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Improving the Understanding of Psychological Factors Contributing to Horse-Related Accident and Injury: Context, Loss of Focus, Cognitive Errors and Rigidity

by 1,*,†, 1,†, 2,† and 3,†
1
Faculty of Health, Department of Psychology, Federation University, University Drive, Mount Helen, Victoria 3350, Australia
2
School of Geosciences, University of Sydney, Room 435, F09, Madsen Building, New South Wales 2006, Australia
3
Department of Veterinary Science, University of Sydney, Room 206, R.M.C. Gunn Building, New South Wales 2006, Australia
*
Author to whom correspondence should be addressed.
These authors contributed equally to this work.
Academic Editor: Kirrilly Thompson
Animals 2016, 6(2), 12; https://doi.org/10.3390/ani6020012
Received: 29 October 2015 / Revised: 14 January 2016 / Accepted: 2 February 2016 / Published: 15 February 2016
(This article belongs to the Special Issue Horses and Risk)
There is a high risk of injury for people involved with horses in their work or recreational pursuits. High risks are particularly evident for racing employees and veterinarians. Elevated risks of injury may be associated with misjudging how to handle situations, reduced attention caused by distractions, taking a general view, and failing to consider other strategies that may reduce risks. To improve safety for humans and horses, it is important to identify safety strategies that are flexible, focused and specific.
While the role of the horse in riding hazards is well recognised, little attention has been paid to the role of specific theoretical psychological processes of humans in contributing to and mitigating risk. The injury, mortality or compensation claim rates for participants in the horse-racing industry, veterinary medicine and equestrian disciplines provide compelling evidence for improving risk mitigation models. There is a paucity of theoretical principles regarding the risk of injury and mortality associated with human–horse interactions. In this paper we introduce and apply the four psychological principles of context, loss of focus, global cognitive style and the application of self as the frame of reference as a potential approach for assessing and managing human–horse risks. When these principles produce errors that are combined with a rigid self-referenced point, it becomes clear how rapidly risk emerges and how other people and animals may repeatedly become at risk over time. Here, with a focus on the thoroughbred racing industry, veterinary practice and equestrian disciplines, we review the merits of contextually applied strategies, an evolving reappraisal of risk, flexibility, and focused specifics of situations that may serve to modify human behaviour and mitigate risk. View Full-Text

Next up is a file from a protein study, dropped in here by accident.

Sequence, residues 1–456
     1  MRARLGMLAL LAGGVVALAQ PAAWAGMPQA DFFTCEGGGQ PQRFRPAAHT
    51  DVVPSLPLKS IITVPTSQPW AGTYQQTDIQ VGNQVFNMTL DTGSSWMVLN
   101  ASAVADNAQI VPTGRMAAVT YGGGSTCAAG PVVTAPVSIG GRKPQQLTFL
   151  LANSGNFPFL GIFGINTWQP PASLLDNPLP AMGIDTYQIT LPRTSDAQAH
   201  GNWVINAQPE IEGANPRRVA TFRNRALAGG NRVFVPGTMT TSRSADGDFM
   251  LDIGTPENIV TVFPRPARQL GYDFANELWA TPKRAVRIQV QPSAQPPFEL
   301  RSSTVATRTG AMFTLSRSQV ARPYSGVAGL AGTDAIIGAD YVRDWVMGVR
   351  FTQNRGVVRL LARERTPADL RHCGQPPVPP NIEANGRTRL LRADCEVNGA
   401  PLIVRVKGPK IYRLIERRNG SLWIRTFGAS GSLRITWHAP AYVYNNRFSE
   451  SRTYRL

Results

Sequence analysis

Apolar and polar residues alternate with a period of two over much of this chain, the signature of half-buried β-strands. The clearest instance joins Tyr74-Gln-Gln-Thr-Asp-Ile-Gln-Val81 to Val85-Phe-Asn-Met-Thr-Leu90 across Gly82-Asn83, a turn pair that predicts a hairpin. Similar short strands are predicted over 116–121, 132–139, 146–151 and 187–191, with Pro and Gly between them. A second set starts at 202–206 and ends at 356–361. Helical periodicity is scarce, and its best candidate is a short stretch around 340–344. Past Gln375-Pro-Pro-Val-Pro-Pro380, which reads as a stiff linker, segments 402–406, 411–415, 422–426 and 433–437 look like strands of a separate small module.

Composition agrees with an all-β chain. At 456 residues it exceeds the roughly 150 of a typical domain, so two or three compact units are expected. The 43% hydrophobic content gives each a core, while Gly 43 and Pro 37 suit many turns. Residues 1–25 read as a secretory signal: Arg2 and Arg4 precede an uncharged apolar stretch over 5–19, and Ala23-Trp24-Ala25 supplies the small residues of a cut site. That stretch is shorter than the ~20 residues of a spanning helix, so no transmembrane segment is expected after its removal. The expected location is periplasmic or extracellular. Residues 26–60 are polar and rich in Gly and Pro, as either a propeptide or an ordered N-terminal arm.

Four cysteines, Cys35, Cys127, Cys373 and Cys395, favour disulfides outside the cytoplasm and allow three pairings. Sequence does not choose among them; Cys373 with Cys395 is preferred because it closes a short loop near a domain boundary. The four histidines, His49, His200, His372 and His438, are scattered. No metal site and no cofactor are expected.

Keywords: human–horse risk; context-specificity; attention; cognitive error; self-reference human–horse risk; context-specificity; attention; cognitive error; self-reference
MDPI and ACS Style

DeAraugo, J.; McLaren, S.; McManus, P.; McGreevy, P.D. Improving the Understanding of Psychological Factors Contributing to Horse-Related Accident and Injury: Context, Loss of Focus, Cognitive Errors and Rigidity. Animals 2016, 6, 12.

AMA Style

DeAraugo J, McLaren S, McManus P, McGreevy PD. Improving the Understanding of Psychological Factors Contributing to Horse-Related Accident and Injury: Context, Loss of Focus, Cognitive Errors and Rigidity. Animals. 2016; 6(2):12.

Chicago/Turabian Style

DeAraugo, Jodi; McLaren, Suzanne; McManus, Phil; McGreevy, Paul D. 2016. "Improving the Understanding of Psychological Factors Contributing to Horse-Related Accident and Injury: Context, Loss of Focus, Cognitive Errors and Rigidity" Animals 6, no. 2: 12.

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Note that from the first issue of 2016, MDPI journals use article numbers instead of page numbers. See further details here.

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